For & Against: Art, Politics and the Pamphlet Invitation to host a market stall and participate in a public event

For & Against: Art, Politics and the Pamphlet 

Invitation to host a market stall and participate in a public event

Saturday 27 May, 2017
Loughborough Town Centre

 

We invite you to respond to the idea, concept, format, aesthetic, function, relevance, purpose or history of the political pamphlet and engage in a public event. We are looking to host a series of market stalls in Loughborough town centre’s Queens Park as part of a public event taking place on Saturday 27 May, 2017. We very much like the idea that the artists, designers, writers, printers, crafts people and other kinds of creatives would form a kind of ‘market’, and as well as selling products that connect someway with the themes above this space would also encourage active participation with members of the public who attend the event.

 

For & Against: Art, Politics and the Pamphlet is a two-day research and public ‘festival’ event to be held in Loughborough May 2017. The project is a response to research into the political pamphlet and will explore the relevance of the pamphlet for contemporary art practice.

 

The programme will work across two days:

  • FRIDAY 26TH MAY
    SYMPOSIUM
    – comprising presentations in response to a call out. The presentations will be a mixture of ‘academic papers’ – responses to histories of the political pamphlet and its relevance and/or development in art practice and ‘performative presentations’ – in the form of ‘rants’ or manifestos. Our invitations encourage an imaginative and provocative response.

 

  • SATURDAY 27TH MAY
    PUBLIC EVENT
    – held across sites including Charnwood Museum, Loughborough Library and Loughborough’s beautiful Queens Park, this day-long event will include a range of public activity; live performative elements by artists commissioned by Radar including Patrick Goddard, Ferenc Gróf, Ciara Phillips and Rory Pilgrim, exhibitions displaying collections of historical and contemporary pamphlets inside the library and museum and the ‘market’, a range of interactive stalls encouraging public participation in the making of a new pamphlet.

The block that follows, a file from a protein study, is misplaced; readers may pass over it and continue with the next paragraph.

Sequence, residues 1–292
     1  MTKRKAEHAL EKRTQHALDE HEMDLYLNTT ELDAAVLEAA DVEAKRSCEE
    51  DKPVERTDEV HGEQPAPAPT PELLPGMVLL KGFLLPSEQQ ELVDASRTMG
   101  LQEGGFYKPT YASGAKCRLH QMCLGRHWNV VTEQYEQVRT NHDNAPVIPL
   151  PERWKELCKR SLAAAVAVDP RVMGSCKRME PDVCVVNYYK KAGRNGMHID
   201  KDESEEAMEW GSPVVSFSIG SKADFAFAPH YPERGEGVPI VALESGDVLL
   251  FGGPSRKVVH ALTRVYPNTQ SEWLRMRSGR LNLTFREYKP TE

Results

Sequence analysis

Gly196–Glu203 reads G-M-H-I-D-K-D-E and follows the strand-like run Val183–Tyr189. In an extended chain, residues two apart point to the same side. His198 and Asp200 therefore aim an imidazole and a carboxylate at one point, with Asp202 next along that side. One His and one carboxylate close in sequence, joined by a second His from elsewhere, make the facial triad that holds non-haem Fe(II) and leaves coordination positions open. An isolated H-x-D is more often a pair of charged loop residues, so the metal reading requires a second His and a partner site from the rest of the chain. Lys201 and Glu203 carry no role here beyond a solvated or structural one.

Please outline your response to this invitation including examples of the products that you make and /or sell, any promotional information about you and your work as well as explaining how you would respond to this invitation.

 

Deadline for expressions of interest is Friday 16 December, 2016.
Please send FAO Kate Self, Radar Producer, k.self@lboro.ac.uk

 

Background to Art, Politics and the Pamphlet

 

 

The radical roots of the pamphlet and art

 

It is written because there is something that one wants to say now, and one believes there is no other way of getting a hearing. Pamphlets may turn on points of ethics or theology but they always have a clear political implication. A pamphlet may be written either for or against somebody or something, but in essence it is always a protest.

George Orwell in British Pamphleteers Volume 1, From the 16th century to the French Revolution, London, 1948
For Orwell, the pamphlet is a polemical provocation. Protest and dissent, as demonstrated in performative and/or visual polemical forms are typified by the tradition of the pamphlet. The pamphlet thereby provides a means to examine possibilities for advocacy, protest and prefiguration shared by different disciplinary fields. The Art, Politics and the Pamphleteer Project proposes that the format and traditions of the ‘radical pamphlet’ may provide an alternative platform for artistic intervention and provocation.

 

RadicalAestheticsRadicalArt (RaRa)

 

The RadicalAesthetics-RadicalArt (RaRa) project explores the meeting of contemporary art practice and interpretations of radicality to promote debate, confront convention and formulate alternative ways of thinking about art practice. The project has examined the intersection of philosophical ideas, art practices and aesthetics – in particular, their relationship to sensation, discourse, ethics, politics, activism, community, participation and collaboration.

 

Radar

 

Radar is a programme of commissions and critical debate that invites artists to engage with academic research and develop new work within the context of the town.  The work produced is performative, participatory, process based and public.  Some projects are longer-term engagements with the town whereas others materialize themselves in the form of intense weekends of activity.

 

For more information about the project theme please contact Jane Tormey, jane.tormey@btinternet.com or Gill Whiteley, G.Whiteley@lboro.ac.uk /

 

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